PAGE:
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labor FIU Professors Strengthen Their Labor Union After ‘Shock to the System’ From State Purge

While tens of thousands of public sector workers have lost their unions since a 2023 law went into effect, the United Faculty of Florida-FIU union is poised to stay alive and stronger than before.

Florida International University is the State of Florida's public university in Miami-Dade County. ,Florida International University

Close to 100 employees at Florida International University who are not professors have had their union fully decertified by the state of Florida, one year after a sweeping anti-union state bill became law.

But even as tens of thousands of public sector workers across Florida have lost their unions — and as tens of thousands more are fighting to keep their unions alive — the union that represents university professors and faculty at FIU is poised to stay alive and stronger than before.

The FIU workers who have lost their collective bargaining rights include engineers, archivists, grant writers, admissions officers, interpreters for the deaf, museum workers and more, according to the original state filing for that union.

They are included among the tens of thousands of public sector employees who have lost their labor unions ever since key provisions of SB 256 went into effect, as WLRN has reported.

Non-professor staff at nearly all public universities in Florida have lost their unions, WLRN has found.

Last year’s SB 256 made it so that to stay active, most public sector unions have to have 60% of members paying dues — while at the same time it banned public employers from deducting union dues from paychecks.

Law enforcement, firefighter and correctional officer unions are exempt from the new law.

But at FIU, the United Faculty of Florida union has seen a major increase in membership — with its president telling WLRN it will allow them to "get off the back foot" and "take on even more."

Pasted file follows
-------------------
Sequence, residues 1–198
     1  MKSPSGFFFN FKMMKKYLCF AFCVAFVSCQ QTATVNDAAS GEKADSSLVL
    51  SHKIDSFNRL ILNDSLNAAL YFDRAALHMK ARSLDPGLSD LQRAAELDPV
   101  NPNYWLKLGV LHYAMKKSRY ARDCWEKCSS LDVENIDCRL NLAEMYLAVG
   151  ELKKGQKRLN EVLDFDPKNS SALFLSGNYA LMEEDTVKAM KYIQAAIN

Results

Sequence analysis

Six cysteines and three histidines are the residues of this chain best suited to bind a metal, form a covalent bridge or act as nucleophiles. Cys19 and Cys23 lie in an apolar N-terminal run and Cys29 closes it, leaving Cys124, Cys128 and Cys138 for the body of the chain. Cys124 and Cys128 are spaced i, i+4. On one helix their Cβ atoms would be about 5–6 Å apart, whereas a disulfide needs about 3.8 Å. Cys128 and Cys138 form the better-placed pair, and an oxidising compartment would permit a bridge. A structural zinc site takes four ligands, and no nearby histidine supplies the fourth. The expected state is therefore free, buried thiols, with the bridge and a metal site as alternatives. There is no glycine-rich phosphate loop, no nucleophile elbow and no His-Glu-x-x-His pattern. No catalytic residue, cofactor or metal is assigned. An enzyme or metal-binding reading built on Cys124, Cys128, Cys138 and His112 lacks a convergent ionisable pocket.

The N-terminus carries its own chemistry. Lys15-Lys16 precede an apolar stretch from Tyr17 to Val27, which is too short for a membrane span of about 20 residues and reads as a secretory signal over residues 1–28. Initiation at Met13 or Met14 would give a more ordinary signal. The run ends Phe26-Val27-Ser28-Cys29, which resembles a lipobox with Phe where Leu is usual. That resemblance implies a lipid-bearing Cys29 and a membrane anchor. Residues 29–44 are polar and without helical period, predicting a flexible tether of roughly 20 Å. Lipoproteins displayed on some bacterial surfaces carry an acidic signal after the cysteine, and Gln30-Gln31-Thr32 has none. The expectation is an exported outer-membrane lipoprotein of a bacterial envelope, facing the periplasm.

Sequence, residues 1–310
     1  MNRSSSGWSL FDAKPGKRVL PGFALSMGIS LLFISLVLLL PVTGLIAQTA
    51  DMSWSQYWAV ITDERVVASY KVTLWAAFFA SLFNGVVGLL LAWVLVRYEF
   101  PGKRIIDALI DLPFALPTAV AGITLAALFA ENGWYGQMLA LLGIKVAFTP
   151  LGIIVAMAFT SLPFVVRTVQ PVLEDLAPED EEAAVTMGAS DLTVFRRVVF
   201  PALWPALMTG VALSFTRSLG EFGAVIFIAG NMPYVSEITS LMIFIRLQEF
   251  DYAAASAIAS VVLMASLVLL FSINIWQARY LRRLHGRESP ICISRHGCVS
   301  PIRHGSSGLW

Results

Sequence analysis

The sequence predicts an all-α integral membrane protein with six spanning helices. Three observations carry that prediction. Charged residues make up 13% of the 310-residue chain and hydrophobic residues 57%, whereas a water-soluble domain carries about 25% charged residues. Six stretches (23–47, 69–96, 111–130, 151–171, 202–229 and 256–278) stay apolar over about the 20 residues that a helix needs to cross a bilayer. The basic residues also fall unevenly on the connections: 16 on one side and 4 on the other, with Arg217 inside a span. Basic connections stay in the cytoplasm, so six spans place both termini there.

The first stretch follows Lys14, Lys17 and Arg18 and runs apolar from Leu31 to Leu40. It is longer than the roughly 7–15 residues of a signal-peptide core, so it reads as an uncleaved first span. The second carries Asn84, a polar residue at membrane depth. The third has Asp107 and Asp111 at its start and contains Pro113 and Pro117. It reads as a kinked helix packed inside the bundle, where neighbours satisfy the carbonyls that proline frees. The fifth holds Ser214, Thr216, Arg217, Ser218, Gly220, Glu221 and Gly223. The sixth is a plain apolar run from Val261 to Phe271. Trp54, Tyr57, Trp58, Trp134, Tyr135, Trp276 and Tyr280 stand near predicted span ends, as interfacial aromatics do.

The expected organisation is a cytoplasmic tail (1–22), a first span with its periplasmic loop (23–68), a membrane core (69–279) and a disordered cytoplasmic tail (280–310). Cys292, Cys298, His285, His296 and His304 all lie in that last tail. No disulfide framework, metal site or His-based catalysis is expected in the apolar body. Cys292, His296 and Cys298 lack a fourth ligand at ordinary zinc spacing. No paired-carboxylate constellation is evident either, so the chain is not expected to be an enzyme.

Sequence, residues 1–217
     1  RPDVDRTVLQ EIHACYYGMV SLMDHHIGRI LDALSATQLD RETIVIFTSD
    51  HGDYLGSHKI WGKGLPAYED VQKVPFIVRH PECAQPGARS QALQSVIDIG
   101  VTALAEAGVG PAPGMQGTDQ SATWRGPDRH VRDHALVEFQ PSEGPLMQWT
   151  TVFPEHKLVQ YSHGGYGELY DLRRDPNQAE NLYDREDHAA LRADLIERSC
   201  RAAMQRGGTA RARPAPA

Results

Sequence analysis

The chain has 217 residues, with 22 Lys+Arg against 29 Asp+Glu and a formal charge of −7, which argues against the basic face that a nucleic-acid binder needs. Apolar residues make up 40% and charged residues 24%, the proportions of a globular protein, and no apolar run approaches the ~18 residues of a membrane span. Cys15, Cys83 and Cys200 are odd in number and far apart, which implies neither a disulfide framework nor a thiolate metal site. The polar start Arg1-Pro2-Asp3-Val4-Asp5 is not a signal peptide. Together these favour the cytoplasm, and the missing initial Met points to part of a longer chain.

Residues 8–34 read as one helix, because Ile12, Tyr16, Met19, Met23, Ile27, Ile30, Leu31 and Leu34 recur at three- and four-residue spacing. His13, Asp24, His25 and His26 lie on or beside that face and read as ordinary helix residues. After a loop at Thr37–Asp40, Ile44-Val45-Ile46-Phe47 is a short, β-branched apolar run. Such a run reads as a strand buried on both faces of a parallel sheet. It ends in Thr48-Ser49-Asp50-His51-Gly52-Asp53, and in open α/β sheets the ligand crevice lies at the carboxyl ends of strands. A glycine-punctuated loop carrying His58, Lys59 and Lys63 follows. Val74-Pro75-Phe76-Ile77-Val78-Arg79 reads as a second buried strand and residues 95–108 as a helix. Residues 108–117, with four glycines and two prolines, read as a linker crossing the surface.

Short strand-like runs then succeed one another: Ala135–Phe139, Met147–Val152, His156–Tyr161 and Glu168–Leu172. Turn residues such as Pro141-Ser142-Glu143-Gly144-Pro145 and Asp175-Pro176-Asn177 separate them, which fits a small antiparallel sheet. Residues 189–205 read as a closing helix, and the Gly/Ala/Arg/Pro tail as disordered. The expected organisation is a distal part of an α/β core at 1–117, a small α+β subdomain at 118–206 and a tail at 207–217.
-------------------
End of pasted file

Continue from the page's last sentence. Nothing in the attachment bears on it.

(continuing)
“When coupled with the attacks on higher education that were happening at the same time, it definitely woke faculty up to the principles of shared governance and unionization and labor,” said Eric Scarffe, the UFF-FIU president. “We’ve built out the union stronger than we were at this time last year. We’re more prepared to do the essential work that we’ve been doing here at FIU.”

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Scarffe estimated that the percentage of faculty paying union dues has jumped “more than 20 percentage points” since last year, a significant number.

“That said, I would never thank them for this bill. It’s absolutely damaging. It’s absolutely unnecessary,” said Scarffe.

The union has not yet filed its annual recertification report in which it will post its specific numbers, but Scarffe said it will be safe for now from the threat of being decertified.

Dean Black, the Republican state representative from Nassau County who sponsored SB 256 in the Florida House, told The Florida Roundup that the new state law is simply intended to give workers a say in whether they want union representation or not, and that unions that justify themselves through strong buy-in will stay alive, as unions that do not might find a lack of support, leading to decertification.